One morning in July 2011, while exploring arid badlands near the western shore of Lake Turkana in Kenya, a team of archaeologists took a wrong turn and made a big discovery about early human technology: Our hominin ancestors were making stone tools 3.3 million years ago, some 700,000 years earlier than previously thought.
The findings promise to extend knowledge of the first toolmakers even deeper in time, probably before the emergence of the genus Homo, once considered the first to gain an evolutionary edge through stone technology.
“Immediately, I knew that we had found something very special,” said Sonia Harmand, a research associate professor at Stony Brook University in New York, in a telephone interview from Nairobi. “I knew these were stone tools, and very old. It was very exciting.”
Within an hour, Harmand and Jason E. Lewis, co-leaders of the project, traced the source of the artifacts scattered in a dry riverbed to datable volcanic sediments at the top of a nearby hill. The stones showed that at least some ancient hominins — the group that include humans and their extinct ancestors — had started intentionally knapping stones, breaking off pieces with quick, hard strikes from another stone, to make sharp tools long before the practice had been recognized.
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After further field research and laboratory analysis, the findings at the site known as Lomekwi 3 were described Wednesday in the journal Nature.
What the sharp blades were used for, whether butchering meat or cutting plants, is not yet known. Nor is the identity of the tool makers.
No bone fossils have been found at the discovery site. But in all likelihood, Harmand and Lewis said, the tools were produced by a more primitive member of the human family well before the appearance of the genus Homo. The earliest known Homo habilis, announced more than two months ago, lived 2.8 million years ago in what is now Ethiopia. The earliest previous evidence for toolmaking, also from Ethiopia, was dated 2.6 million years ago. Though even earlier Homo fossils may be identified, scientists say, it is unlikely they would be as old as the West Turkana discovery.
“These tools shed light on an unexpected and previously unknown period of hominin behavior, and can tell us a lot about cognitive development in our ancestors that we can’t understand from fossils alone,” said Harmand, who is also affiliated with France’s National Center for Scientific Research. “Our finding disproved the long-standing assumption that Homo habilis was the first tool maker.”
Alison Brooks, an anthropology professor at George Washington University and research associate at the Smithsonian Institution, who was independent of the discovery team, pronounced the finding “truly pathbreaking.” She said this “reaffirms the argument that the repeated and competent manufacture of useful sharp edges, on which we came to depend, may have been a driving factor in the evolution of our genus, both anatomically and cognitively.”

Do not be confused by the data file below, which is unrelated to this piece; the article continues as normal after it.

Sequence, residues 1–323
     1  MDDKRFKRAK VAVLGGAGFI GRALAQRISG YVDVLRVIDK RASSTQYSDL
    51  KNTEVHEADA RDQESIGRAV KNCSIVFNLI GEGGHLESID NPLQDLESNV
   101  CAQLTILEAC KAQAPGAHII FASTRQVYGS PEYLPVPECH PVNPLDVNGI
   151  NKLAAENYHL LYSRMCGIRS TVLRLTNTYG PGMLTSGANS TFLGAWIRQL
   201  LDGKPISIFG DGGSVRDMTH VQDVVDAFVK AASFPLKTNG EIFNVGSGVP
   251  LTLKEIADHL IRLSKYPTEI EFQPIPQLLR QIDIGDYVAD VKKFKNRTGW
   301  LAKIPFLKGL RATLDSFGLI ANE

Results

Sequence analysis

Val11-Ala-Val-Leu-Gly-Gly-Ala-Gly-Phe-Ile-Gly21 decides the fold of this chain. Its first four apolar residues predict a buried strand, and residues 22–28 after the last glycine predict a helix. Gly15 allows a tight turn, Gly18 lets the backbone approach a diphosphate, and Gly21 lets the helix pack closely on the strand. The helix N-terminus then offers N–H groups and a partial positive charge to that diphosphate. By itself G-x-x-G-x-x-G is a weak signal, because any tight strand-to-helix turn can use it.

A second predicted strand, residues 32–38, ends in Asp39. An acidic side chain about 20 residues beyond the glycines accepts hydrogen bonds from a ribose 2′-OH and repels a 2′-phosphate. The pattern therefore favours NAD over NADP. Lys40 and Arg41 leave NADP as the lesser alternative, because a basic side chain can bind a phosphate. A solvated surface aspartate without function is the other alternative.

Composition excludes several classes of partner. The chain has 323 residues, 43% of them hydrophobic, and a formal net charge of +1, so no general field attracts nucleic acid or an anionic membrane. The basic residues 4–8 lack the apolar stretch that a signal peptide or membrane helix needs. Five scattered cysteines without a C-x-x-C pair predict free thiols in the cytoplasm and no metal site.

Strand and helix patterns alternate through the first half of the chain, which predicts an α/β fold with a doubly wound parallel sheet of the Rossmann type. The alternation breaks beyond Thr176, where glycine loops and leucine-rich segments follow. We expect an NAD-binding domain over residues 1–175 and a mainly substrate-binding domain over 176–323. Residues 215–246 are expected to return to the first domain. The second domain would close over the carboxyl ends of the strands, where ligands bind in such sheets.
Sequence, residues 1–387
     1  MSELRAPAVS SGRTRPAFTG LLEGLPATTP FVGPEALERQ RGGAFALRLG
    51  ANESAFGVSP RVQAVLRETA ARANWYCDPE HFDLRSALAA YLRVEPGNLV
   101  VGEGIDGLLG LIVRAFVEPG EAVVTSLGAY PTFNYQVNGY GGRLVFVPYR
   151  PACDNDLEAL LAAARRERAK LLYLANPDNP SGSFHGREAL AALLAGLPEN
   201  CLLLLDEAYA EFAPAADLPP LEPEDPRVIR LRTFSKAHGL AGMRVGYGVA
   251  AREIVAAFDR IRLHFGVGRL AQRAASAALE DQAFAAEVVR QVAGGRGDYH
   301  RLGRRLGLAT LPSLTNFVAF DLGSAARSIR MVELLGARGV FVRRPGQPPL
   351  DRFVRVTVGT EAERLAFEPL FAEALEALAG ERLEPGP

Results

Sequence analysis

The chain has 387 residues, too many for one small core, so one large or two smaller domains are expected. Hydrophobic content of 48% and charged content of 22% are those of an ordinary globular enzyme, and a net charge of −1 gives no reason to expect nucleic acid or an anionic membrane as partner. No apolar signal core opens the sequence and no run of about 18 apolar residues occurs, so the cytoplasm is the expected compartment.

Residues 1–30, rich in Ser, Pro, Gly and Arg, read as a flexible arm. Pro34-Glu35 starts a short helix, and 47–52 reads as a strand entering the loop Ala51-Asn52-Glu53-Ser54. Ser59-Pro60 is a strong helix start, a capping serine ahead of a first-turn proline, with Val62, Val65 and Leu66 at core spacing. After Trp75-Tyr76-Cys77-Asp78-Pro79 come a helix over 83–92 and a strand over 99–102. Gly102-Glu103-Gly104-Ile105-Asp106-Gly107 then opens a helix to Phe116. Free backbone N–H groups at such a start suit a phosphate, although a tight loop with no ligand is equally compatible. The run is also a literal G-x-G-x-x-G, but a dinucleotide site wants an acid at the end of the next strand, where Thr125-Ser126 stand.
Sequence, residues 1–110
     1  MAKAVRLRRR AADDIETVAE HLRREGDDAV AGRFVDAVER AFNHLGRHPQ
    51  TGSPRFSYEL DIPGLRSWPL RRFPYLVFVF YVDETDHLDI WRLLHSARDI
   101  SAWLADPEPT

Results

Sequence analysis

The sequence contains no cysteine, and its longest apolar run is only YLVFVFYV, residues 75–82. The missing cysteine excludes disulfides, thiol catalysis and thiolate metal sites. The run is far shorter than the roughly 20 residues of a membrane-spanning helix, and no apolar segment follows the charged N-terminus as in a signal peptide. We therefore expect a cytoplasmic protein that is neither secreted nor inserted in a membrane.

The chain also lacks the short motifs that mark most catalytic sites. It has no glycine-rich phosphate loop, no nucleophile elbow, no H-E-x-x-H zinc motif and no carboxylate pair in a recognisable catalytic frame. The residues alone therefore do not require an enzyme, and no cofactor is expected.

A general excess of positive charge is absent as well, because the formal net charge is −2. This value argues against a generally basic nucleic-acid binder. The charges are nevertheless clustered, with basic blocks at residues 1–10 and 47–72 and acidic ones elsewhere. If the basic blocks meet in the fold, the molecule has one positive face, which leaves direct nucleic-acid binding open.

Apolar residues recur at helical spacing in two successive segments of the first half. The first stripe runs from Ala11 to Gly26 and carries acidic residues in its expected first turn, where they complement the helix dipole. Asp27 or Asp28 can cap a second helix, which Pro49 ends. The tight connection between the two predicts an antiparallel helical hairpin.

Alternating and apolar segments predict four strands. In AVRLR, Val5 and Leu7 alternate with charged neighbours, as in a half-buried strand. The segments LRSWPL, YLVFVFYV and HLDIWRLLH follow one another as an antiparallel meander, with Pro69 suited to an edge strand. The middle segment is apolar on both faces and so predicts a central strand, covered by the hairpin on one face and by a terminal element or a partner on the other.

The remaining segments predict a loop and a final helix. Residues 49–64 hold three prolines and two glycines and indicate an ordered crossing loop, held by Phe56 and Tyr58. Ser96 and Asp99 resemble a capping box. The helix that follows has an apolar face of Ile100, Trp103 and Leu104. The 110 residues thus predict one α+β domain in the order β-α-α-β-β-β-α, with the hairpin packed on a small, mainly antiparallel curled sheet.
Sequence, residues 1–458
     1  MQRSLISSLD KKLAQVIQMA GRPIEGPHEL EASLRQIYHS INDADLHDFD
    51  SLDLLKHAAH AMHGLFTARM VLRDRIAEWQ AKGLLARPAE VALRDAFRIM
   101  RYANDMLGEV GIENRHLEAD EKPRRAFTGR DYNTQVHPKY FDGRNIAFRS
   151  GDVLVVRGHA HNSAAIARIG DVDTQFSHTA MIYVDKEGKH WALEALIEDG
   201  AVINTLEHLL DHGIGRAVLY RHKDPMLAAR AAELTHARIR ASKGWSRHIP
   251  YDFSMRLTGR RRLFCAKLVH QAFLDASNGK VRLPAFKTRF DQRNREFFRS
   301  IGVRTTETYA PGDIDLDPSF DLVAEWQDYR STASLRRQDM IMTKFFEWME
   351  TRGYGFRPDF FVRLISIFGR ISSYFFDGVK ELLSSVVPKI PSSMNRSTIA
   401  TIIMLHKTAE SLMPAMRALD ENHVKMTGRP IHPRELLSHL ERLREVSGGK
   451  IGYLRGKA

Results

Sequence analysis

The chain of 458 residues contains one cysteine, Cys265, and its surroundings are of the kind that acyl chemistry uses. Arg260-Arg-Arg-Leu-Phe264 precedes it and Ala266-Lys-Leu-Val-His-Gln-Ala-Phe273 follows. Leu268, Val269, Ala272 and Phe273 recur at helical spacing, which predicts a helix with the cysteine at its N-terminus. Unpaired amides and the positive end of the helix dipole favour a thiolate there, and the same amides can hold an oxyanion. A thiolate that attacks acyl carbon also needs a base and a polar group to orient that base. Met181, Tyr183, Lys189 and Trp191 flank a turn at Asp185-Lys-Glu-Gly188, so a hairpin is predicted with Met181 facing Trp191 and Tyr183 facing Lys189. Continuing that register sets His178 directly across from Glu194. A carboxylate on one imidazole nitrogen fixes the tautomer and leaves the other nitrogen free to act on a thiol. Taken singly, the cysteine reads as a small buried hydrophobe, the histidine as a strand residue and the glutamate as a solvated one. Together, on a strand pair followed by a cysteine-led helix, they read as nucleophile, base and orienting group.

In one sense, the deeper record of stone technology was no surprise to paleoanthropologists. Previous examples, especially the 2.5 million-year-old artifacts collected at Olduvai Gorge in Tanzania, were thought to be too well made to have been a recent innovation. How far back the evidence for this stone technology extends is anyone’s guess, they say.
In a commentary in the journal, Erella Hovers, an archaeologist at The Hebrew University of Jerusalem, wrote that some form of tool making may have extended back to the last common ancestor of chimpanzees and hominins, as much as 7 million years ago.
Hovers and other scientists not involved in the new research said the dating of the material appears to be solid and the objects are deliberately produced tools, not scraps of rock broken by accident or natural causes.
“Because the sediments in these layers are fine-grained, and a flake found by the authors could be fitted back onto the core from which it had been detached,” Hovers said, “it is unlikely that the tools accumulated through stream activity or that substantial disturbance of the sediments occurred after the tools had been discarded.”
Eric Delson, a paleoanthropologist at Lehman College of the City University of New York and a researcher at the American Museum of Natural History, noted that once in a generation, the age of humanity’s first known use of tools increases significantly. “Harmand’s find is the longest jump back in time, nearly three quarters of a million years, to a period when the only known hominin fossils belong to Australopithecus,” the genus most famously represented by the “Lucy” skeleton and found throughout East Africa.
Another possibility is a hominin known as Kenyanthropus platyops, whose fossils were found in the region of Lake Turkana. But Delson cautioned that fossils of this genus are “poorly known and still questionably distinct” as a separate hominin entity.
Delson said the discovery of what Harmand and her colleagues are calling the Lomekwian industry, raises several questions: namely, are these really tools, and what were these hominins, whoever they were, doing with implements far larger and heavier than the small and simple flakes and cores that characterized the more recent 2.6 million-year-old technologies?
Even now, researchers doubt that they have reached the earliest origins of stone tool technology. As Hovers of Hebrew University said, “Why not dig deeper in time?” The Lomekwi 3 site, she added, “may not be the final — or rather, the first — word on the roots of human technology.”
Harmand and Lewis will return to Lake Turkana this summer to search for more clues to the identities of the tool. “Now we have a better idea of what we should look for,” Harmand said.